The pursuit of data underpins much of our interactions in this information-driven society. The businesses with the best grasp of data - who their customers are and what they want - are the most successful. Governments are constantly trying to gather the best data on their constituents so they can better cater to their needs in terms of informed policy - and increase their chances of being re-elected, of course. In many walks of life and in ways that impact on our lives every day, data is playing an increasing role in decision-making everywhere.
Similarly, the pursuit and use of informed data can make the difference between a good classroom and a great one. Why should teachers be left out of this equation when data is reshaping so many aspects of life in the digital age?
The effective use of data in the classroom can improve instruction and student outcomes, as teachers can better tailor for individual student needs as well as maintaining an ongoing, more accurate grasp of general classroom progress at the same time. CARS & STARS Online is fully committed to this ideal.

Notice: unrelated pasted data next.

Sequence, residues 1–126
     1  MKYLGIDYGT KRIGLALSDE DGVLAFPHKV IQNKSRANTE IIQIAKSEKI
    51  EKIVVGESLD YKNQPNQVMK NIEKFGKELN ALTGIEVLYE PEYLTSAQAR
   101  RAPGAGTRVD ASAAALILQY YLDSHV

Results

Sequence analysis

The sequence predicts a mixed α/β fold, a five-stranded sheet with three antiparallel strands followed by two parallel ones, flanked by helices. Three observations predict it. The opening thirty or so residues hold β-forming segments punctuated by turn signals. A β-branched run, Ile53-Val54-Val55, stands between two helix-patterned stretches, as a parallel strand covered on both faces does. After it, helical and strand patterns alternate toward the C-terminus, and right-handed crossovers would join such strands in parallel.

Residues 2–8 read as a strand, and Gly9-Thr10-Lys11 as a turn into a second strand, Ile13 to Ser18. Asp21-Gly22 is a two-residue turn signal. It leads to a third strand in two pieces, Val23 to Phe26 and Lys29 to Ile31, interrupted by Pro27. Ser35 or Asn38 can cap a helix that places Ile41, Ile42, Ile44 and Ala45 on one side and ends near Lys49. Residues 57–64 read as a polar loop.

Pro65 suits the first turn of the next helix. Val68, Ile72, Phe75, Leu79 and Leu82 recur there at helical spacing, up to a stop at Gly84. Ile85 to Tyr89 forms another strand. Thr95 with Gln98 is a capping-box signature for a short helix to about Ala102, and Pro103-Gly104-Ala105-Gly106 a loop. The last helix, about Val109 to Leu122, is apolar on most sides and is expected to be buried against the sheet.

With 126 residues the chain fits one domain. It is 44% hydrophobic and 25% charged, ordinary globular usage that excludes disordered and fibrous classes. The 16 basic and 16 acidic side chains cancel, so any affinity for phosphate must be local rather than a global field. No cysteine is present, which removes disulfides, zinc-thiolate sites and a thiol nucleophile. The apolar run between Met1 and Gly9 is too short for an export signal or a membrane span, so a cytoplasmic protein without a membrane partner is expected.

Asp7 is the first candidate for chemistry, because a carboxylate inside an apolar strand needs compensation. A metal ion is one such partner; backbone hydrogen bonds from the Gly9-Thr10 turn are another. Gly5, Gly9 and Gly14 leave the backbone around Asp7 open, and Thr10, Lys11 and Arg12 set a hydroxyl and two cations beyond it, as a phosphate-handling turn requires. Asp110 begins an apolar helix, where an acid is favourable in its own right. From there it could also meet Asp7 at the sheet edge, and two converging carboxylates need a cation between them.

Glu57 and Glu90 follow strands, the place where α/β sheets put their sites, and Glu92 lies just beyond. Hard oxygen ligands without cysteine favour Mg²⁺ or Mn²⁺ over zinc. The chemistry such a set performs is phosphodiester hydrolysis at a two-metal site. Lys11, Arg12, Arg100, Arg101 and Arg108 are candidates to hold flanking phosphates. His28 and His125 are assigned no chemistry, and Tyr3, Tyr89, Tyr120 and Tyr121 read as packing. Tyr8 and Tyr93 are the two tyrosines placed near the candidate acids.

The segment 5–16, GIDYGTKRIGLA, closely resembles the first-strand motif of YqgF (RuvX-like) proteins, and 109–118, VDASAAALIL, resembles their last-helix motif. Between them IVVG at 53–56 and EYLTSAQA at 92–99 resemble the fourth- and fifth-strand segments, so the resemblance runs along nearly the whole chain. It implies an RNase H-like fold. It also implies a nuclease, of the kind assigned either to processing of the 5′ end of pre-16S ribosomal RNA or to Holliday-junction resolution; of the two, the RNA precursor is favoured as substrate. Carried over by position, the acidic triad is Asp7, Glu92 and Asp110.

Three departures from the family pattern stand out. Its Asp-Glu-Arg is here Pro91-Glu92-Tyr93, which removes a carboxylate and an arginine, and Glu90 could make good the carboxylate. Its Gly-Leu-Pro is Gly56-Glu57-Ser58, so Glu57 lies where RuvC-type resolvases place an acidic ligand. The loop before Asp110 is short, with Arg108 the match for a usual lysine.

Better use of student data means more effectively being able to inform teaching and assessment decisions, as data-fuelled formative assessments can be used to shape instruction for individual needs during teaching, rather than simply at the end of a milestone piece of assessment. This is a cornerstone of the CARS & STARS Online program and its Pretest and Benchmark portions.
Just as the enhanced use of data can inform ongoing teaching, it can also be used to determine implementation success. In CARS & STARS Online this is most clearly expressed in the Post-test elements that enable teachers to exactly and critically engage with student learning to determine how effective instruction has been.
In this way, data-gathering and utilisation, at the forefront of modern educational practice, are also at the forefront of the CARS & STARS Online program. Ongoing, accurate and transferable data collection at every stage of instruction and assessment allows the teacher to have a total picture of their class and individual students at any time, allowing instant identification of students requiring specialised care or instruction, and making differentiation a constant and ongoing process for every class rather than an afterthought.